“There are certainly practical and political considerations with how much you can cut taxes and put it on the country’s credit card,” said Stamper. “A lot of comparisons have been made about when Bush was elected in 2000. Republicans controlled the House and Senate in a similar way and they got huge tax cuts done. But remember, we were working under projected budget surpluses at that point. Right now, we’re working under huge deficits so when you look at some of these tax proposals, economists from both the right and the left have shown the House Republican plan and the Trump plan would cost a lot of money. Doing big initiatives is hard and involves political blowback. You see the political price that Democrats paid for pushing Obamacare. Pushing through big tax cuts that cost a lot of money when over half of the popular vote didn’t vote for the President can have serious political consequences, so Republicans are really going to have to weigh some of the political considerations here, see how much they can really fit into a tax bill, and see what kind of a revenue score they get from Congress’s official scorekeepers on the dynamic effect. But as the tax platforms are currently laid out, I think cost is one of the big hurdles that they’re going to have to face.”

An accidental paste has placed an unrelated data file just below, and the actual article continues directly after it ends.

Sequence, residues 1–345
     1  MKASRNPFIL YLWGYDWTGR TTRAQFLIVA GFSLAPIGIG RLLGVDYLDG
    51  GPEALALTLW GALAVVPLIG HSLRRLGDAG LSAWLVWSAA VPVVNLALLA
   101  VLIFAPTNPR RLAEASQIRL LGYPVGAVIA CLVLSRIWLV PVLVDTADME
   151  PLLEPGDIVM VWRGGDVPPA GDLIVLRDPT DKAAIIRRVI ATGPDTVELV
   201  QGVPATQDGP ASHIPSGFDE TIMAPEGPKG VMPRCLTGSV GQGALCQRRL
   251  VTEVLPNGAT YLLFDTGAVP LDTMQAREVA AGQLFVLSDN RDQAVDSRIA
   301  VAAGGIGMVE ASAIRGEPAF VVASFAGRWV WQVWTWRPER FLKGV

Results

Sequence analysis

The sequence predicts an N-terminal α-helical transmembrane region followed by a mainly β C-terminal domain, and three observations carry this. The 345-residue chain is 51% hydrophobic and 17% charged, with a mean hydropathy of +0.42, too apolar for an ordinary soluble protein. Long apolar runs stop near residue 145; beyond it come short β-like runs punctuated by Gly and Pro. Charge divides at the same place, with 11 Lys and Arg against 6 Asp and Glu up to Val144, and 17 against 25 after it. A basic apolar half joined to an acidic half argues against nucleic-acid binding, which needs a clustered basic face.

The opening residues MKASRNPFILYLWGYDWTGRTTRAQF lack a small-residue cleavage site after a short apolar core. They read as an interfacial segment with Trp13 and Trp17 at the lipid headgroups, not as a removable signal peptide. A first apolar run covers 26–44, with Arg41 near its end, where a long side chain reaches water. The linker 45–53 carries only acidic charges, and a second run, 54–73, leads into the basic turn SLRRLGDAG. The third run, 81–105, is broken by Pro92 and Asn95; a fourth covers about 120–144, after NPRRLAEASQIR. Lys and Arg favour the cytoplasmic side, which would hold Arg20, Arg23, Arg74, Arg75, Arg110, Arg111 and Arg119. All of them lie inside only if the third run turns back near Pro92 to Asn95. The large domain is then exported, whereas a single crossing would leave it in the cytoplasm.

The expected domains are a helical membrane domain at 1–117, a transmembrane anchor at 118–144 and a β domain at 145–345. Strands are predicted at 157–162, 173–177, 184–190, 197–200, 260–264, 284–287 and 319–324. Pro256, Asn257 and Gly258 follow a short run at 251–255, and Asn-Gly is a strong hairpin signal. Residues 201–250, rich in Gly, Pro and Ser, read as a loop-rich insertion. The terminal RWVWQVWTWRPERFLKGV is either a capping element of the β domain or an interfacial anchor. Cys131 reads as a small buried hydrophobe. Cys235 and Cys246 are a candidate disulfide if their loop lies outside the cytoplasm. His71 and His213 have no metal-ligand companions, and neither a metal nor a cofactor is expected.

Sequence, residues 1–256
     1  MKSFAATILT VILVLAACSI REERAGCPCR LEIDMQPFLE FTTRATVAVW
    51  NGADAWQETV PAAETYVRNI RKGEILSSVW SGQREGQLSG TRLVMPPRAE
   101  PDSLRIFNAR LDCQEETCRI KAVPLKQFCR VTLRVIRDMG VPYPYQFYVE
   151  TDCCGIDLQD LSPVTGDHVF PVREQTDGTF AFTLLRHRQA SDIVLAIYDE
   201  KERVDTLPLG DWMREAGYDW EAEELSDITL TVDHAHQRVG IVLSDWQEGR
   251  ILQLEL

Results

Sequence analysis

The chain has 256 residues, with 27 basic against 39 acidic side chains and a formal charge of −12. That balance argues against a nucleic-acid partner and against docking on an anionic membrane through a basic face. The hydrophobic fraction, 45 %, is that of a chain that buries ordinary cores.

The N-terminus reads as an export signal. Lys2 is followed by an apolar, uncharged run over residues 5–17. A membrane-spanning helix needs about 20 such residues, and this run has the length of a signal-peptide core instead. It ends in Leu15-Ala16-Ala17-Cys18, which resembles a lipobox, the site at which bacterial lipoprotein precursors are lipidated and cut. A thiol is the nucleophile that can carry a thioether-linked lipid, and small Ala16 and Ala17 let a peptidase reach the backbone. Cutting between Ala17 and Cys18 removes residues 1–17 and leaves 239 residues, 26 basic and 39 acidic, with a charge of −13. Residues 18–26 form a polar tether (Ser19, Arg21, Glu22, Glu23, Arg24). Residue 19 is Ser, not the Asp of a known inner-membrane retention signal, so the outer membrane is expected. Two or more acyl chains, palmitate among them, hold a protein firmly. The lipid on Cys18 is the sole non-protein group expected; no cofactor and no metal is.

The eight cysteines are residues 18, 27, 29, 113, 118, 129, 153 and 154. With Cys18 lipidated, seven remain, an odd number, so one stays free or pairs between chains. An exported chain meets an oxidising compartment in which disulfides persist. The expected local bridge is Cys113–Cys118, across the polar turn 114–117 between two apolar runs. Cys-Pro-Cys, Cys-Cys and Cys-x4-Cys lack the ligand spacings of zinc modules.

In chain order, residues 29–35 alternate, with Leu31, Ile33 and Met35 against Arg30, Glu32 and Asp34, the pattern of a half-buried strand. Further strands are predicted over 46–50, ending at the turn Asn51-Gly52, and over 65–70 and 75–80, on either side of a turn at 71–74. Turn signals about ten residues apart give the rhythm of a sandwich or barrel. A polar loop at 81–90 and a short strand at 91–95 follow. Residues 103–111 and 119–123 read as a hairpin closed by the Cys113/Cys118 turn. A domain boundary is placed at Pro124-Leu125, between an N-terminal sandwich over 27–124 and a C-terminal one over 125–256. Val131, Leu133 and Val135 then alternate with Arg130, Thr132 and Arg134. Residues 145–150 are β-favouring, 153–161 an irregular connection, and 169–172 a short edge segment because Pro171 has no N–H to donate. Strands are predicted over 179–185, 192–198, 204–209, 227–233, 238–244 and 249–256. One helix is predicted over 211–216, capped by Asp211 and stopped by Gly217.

Another hurdle in the way of tax reform will be the need to get 60 votes in the Senate to overcome expected filibusters. “It is just very hard to get anything done in the Senate unless you have 60 votes,” said Stamper. “Republicans have a real decision to make whether they want to try to do something bipartisan with Democrats, in which their plans will have to shift to get those votes on board, or whether they want to go through reconciliation, and reconciliation has some real drawbacks. Number one, you can’t do anything outside of the 10-year budget window, so if they pass a big tax bill through reconciliation, it will have to be set to expire sometime in the next 10 years. When they did that in 2001, you saw how much of what they accomplished in those tax bills eventually got rolled back in 2010. That might make them reluctant to use that again.”

He also pointed to issues with how often a budget reconciliation maneuver can be used to overcome the filibuster threat. “There are some real timing issues there in that generally you can only use reconciliation once a year, so you would have to choose in your first year between health care and tax reform,” said Stamper. “There may be some procedural things they can do to stuff both things in, but it’s very difficult. Anytime any Republican in Congress or what’s going to be the new administration opens their mouth it changes, because they don’t exactly know what they want to do at this point, so there are lots of different ways this could go. We know where they’re starting from, but we don’t know where they’re going to end up. Take a deep breath. Let’s wait and see.”